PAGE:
Mandy Eve-Barnett's Blog for Readers & Writers

My Book News & Advocate for the Writing Community ©

Wordsmith’s Collective Thursday – Holiday Time Writing Tips

December 16, 2021
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We all know that the holiday’s tend to reek havoc on our writing schedule, but there are ways of grabbing writing time. There are always lulls in activities, whether it’s traveling time, the lethargic atmosphere after a meal, or solitary early mornings. You can find somewhere to ‘hide’ away, even if its only for half an hour or so. Here are a few tips to try.

Relax your normal rigorous writing timetable – take time to chill and observe.

Keep track of the number of words you write instead of how long you wrote.

Make the most of “un-scheduled” time – waiting for a flight or sitting in a vehicle en route to a function, at children’s rehearsals, a break for coffee during shopping.

Wake up earlier (or stay up later) than usual to ensure that you spend some time writing.

Decide on a specific amount of time to write and block that time.

Use the time to track your progress on a current project.

Feel comfortable to reflect on your writing plans or current project.

Experiment with prompts, a new genre or a short story.

You’re going to be around a lot of people so pay attention to the interactions and conversations use it as research.

A new location can inspire an new idea or inclusion in a current work.

Always carry a notebook and pen.

Refuse to feel guilty when you remove yourself to write.

Remember it is okay to rest and enjoy the celebrations.

How do you find time to writing during the holidays?

Wordsmith’s Collective Thursday – The Dreaded Editing Process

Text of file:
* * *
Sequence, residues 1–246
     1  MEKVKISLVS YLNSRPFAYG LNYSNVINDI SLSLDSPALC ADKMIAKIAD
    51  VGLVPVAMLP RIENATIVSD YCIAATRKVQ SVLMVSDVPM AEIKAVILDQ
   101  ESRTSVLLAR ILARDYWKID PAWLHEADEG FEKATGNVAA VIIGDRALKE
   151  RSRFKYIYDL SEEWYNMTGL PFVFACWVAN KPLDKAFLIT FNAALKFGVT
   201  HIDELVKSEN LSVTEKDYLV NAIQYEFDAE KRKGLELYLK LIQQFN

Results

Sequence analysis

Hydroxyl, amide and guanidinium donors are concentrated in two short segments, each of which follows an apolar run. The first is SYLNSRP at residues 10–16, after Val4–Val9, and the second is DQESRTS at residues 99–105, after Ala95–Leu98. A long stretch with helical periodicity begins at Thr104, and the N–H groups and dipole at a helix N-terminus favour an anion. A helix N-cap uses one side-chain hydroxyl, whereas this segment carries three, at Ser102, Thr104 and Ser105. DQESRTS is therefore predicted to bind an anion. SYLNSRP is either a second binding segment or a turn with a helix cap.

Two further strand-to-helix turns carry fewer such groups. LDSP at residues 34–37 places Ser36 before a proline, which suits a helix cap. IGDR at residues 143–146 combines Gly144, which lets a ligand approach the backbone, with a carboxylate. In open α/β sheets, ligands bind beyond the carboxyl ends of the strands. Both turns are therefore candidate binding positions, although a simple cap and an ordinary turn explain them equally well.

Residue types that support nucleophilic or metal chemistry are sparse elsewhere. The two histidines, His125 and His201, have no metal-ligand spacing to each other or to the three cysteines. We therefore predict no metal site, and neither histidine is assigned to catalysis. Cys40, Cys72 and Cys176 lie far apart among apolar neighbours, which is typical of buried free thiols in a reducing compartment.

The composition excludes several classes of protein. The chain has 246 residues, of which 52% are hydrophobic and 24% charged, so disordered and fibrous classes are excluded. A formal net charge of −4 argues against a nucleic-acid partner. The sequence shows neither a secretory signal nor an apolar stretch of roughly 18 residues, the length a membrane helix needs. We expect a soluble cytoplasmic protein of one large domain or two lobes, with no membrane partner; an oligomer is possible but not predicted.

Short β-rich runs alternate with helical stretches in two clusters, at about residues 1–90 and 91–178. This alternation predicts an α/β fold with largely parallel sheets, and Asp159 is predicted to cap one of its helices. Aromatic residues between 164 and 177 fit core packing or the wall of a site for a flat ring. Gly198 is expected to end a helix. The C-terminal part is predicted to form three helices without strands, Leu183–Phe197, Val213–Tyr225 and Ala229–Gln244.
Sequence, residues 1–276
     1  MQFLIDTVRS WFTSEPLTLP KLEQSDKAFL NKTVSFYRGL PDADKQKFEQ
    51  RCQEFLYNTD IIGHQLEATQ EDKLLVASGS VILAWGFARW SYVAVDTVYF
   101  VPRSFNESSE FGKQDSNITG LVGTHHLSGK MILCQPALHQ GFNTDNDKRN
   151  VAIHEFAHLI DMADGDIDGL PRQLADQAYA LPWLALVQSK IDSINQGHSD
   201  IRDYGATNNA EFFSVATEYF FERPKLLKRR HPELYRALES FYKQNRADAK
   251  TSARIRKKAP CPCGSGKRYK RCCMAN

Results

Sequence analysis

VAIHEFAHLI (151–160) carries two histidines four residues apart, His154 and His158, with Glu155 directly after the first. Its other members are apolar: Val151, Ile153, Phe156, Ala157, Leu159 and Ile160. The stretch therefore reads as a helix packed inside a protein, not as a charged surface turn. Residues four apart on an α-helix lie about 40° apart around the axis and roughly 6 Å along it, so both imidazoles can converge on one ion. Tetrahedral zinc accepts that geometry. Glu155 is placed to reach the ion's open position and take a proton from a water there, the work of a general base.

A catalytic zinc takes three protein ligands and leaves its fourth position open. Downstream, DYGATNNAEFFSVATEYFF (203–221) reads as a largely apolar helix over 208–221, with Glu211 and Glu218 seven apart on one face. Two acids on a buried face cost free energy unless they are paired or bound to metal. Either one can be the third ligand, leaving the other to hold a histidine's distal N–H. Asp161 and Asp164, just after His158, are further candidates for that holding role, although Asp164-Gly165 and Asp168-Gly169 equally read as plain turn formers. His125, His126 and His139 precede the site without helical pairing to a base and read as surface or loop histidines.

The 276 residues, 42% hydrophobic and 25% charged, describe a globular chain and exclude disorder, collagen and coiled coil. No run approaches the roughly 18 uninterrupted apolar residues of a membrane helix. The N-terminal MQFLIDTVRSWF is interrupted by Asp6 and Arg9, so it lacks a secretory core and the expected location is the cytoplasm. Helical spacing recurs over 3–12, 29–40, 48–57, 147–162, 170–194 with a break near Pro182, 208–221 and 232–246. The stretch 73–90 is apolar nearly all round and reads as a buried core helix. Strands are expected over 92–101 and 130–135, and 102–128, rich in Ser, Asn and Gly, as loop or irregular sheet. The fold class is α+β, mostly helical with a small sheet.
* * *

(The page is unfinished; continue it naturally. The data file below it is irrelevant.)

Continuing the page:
December 2, 2021
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Photo by Suzy Hazelwood on Pexels.com

Editing encompasses several elements in order to achieve a well-polished manuscript for submission. Editing includes among other things, continuity, grammar, spelling, character development, revisions to scenes etc. the list is long and sometimes overwhelming.

Where should you start?

Instead of plunging directly back into a first draft, let it sit for a while. Start another project, take a rest, whatever you need to tear yourself away from the world and the characters you created. Ideally, leave it for three to six months, depending on any deadlines you have, of course. This will allow you to ‘see; it with fresh eyes.

When you go back to re-read there will be new insights. Rather than overwhelming yourself with trying to ‘correct’ all the editing elements mentioned above, concentrate on one item at a time.

Limit each read through to a specific task.

When you have completed these tasks let either trusted friends, or members of your local writing group read it. Take note of their suggestions and correct any errors they may find. Remember, no matter how many times you or your beta readers go through a manuscript, there will always be a word missed, mis-spelt or a continuity slip up. Once this is done it is time to consider handing over the manuscript to a professional. A professional editor is a good investment, if you can afford one. A badly edited book reflects on you the author and no-one else.

Here are a couple of tricks that can help you edit more effectively:

  1. Read the book from back to front page by page. This stops your brain putting in words that are not there.
  2. Read it out aloud to yourself or an understanding friend. A missed word is very obvious with this technique.